Canadian Native Youth Arrive at Standing Rock After Walking for Almost a Month

By Yessenia Funes Jan 11, 2017

Three youth from the Woodland Cree First Nation in Saskatchewan, Canada, arrived to the Oceti Sakowin Camp at Standing Rock in North Dakota yesterday (January 10) after walking since November 26, 2016. This journey symbolized their solidarity with the #NoDAPL movement against the 1,172-mile long Dakota Access Pipeline set to cut through sacred territories of the Sioux people.

As the youth and their support crew approached the camp, buffalo came over the hill in their direction, in what appeared to be a greeting, as Kandi Mossett of the Indigenous Environmental Network said in a Facebook video.

Though pipeline construction is currently halted at the behest of the Army Corps of Engineers, opponents are standing firm to ensure this doesn’t flip as a new administration enters the White House. For 18-year-old Ricky Sanderson, one of the Canadian walkers, this walk is also about his local battles. Canada also has two pipeline projects, the expansion of the Trans Mountain Pipeline and the replacement of the Enbridge Line 3 Pipeline.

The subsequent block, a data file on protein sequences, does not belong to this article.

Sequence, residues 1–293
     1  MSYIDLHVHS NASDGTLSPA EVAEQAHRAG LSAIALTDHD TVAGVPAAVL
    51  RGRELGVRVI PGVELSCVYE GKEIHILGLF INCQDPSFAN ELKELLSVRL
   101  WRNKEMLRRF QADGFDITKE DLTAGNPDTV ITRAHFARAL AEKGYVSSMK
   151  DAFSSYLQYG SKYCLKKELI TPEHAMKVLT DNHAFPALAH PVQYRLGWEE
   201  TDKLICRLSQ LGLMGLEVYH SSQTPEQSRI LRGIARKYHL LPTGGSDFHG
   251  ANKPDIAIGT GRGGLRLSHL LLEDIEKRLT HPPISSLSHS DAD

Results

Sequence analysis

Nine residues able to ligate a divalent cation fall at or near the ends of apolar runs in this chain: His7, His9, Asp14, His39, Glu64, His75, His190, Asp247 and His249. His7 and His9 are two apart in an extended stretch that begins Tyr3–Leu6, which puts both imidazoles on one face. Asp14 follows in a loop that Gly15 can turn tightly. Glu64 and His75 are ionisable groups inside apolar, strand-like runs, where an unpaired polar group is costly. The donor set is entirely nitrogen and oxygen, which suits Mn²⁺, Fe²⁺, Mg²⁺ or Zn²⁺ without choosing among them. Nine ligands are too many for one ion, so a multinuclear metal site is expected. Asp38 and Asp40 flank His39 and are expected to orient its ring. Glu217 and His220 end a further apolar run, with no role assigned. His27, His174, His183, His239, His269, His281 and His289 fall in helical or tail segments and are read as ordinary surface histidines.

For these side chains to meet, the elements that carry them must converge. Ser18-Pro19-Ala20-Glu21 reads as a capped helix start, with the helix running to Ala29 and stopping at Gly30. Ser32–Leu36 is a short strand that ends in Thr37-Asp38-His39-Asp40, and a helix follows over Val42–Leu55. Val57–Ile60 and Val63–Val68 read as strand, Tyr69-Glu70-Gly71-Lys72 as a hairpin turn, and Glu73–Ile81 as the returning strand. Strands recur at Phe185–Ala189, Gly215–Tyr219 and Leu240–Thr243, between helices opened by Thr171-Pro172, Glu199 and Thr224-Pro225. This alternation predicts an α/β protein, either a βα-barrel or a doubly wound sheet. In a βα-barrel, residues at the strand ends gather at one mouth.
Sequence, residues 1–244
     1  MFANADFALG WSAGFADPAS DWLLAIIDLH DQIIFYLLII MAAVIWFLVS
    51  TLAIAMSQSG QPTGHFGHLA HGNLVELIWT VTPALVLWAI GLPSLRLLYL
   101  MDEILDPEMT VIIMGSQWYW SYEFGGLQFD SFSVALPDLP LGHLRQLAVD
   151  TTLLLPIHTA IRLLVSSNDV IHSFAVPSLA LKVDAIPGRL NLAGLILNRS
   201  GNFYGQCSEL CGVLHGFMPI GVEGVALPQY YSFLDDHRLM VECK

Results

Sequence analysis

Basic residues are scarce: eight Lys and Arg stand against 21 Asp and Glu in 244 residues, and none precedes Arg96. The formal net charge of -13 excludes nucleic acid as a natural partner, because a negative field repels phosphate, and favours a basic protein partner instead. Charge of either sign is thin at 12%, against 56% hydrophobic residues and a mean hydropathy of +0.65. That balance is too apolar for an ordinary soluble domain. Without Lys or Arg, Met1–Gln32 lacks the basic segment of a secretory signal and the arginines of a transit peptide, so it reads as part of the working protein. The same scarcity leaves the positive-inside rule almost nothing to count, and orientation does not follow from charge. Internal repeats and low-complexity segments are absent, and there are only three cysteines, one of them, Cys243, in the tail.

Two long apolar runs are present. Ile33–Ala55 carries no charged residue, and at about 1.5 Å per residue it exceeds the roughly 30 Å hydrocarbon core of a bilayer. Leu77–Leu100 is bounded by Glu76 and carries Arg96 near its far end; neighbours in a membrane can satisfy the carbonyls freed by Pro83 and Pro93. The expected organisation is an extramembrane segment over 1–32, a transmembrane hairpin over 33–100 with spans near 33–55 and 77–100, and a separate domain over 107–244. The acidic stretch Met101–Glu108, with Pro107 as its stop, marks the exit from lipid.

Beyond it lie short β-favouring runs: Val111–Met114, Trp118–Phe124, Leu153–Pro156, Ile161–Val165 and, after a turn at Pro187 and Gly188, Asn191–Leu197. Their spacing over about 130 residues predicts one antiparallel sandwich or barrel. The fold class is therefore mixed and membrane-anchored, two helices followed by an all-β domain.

“A part of this is to shed light on what is happening at home too,” Sanderson told Colorlines in December 2016. 

The walk also aligns with—and was partly inspired by—other Native youth. Oceti Sakowin youth did at least three runs in 2015. Their longest was to Washington, D.C., from Standing Rock in July to deliver a petition demanding an end to the pipeline. In October, Riley Ortega, a 15-year-old Hopi youth, and other youth ran from Flagstaff, Arizona to Standing Rock.